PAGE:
Palmer (Queen's Univ., Canada) is a social historian who has written an unusual work of historical scholarship, a highly readable yet deeply learned history: there are 127 pages of single-spaced notes to 458 pages of text. The author explores "cultures of darkness" and "histories of the night" from the late medieval period to the 1992 Rodney King riots of Los Angeles. The "night" in question is not only the time that follows day when oppressed transgressors, ranging from prostitutes to thieves, are at work, but also a geographic and social space. "Space" encompasses an extraordinary variety of places, ranging from the "Molly-houses" of 18th-century London, in which heretical sexualities were enacted, to the lodges of impoverished Montreal tailors where they practiced their sociability in the 19th century and the communal sites of political ferment in working-class neighborhoods of Paris and New York in the early 20th century. Ranging from European and Salem witchcraft trials to Jac k Kerouac's and Norman Mailer's ways of depicting "Negro" nightclub life in the 1950s, this encyclopedic volume offers an unconventional, sometimes excessively episodic, but thoroughly documented account of the social "Others" whom dominant elites alternately neglect and fear, penalize and fictionalize. Strongly recommended to all college and university libraries. K. Tololyan Wesleyan University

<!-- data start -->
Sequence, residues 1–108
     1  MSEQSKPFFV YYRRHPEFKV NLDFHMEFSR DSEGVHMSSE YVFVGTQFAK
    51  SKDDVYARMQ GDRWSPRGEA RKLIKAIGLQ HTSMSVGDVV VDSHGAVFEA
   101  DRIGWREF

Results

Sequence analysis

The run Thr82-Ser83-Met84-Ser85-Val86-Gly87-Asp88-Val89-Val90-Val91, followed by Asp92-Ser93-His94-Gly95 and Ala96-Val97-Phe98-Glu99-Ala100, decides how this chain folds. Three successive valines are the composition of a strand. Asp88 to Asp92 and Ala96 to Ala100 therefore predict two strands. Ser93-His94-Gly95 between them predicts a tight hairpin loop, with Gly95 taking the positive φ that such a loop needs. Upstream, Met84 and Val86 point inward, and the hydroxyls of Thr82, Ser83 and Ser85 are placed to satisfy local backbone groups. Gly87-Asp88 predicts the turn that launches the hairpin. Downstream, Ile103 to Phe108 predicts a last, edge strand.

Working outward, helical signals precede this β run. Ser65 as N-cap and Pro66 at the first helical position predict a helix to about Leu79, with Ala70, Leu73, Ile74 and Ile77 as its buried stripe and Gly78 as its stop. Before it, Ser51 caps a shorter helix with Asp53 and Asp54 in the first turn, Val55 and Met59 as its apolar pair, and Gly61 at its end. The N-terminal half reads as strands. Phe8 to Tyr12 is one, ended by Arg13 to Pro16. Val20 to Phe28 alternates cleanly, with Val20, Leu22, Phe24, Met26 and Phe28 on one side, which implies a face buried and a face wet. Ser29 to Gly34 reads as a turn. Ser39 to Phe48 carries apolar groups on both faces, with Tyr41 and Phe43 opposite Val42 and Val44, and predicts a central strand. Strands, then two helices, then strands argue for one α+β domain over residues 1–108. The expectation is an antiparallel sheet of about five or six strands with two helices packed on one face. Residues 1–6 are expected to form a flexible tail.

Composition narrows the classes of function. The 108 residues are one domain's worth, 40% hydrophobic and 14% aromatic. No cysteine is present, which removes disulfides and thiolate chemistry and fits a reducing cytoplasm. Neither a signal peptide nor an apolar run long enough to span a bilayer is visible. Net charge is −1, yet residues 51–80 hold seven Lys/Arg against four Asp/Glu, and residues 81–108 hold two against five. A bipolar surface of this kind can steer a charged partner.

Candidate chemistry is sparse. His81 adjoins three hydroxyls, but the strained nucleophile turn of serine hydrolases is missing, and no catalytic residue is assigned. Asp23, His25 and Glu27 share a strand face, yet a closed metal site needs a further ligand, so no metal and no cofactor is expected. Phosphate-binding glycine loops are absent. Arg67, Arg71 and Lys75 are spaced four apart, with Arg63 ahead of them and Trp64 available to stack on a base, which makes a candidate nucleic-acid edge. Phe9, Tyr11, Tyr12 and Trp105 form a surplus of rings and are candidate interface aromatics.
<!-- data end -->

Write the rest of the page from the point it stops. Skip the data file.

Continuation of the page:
Table of Contents

List of Figuresp. viii
Acknowledgementsp. x
Introductionp. 1
Part I An Overview
1 A Walk on the Dark Side: The Metaphorical Nightp. 13
Part II Class and Gender in the Dissolution: of the Ancien Regime
2 Blood, Bread, and Blasphemy: Peasant Nightsp. 23
3 Witches: Europe and Americap. 49
Part III Marginality and the Age of Revolution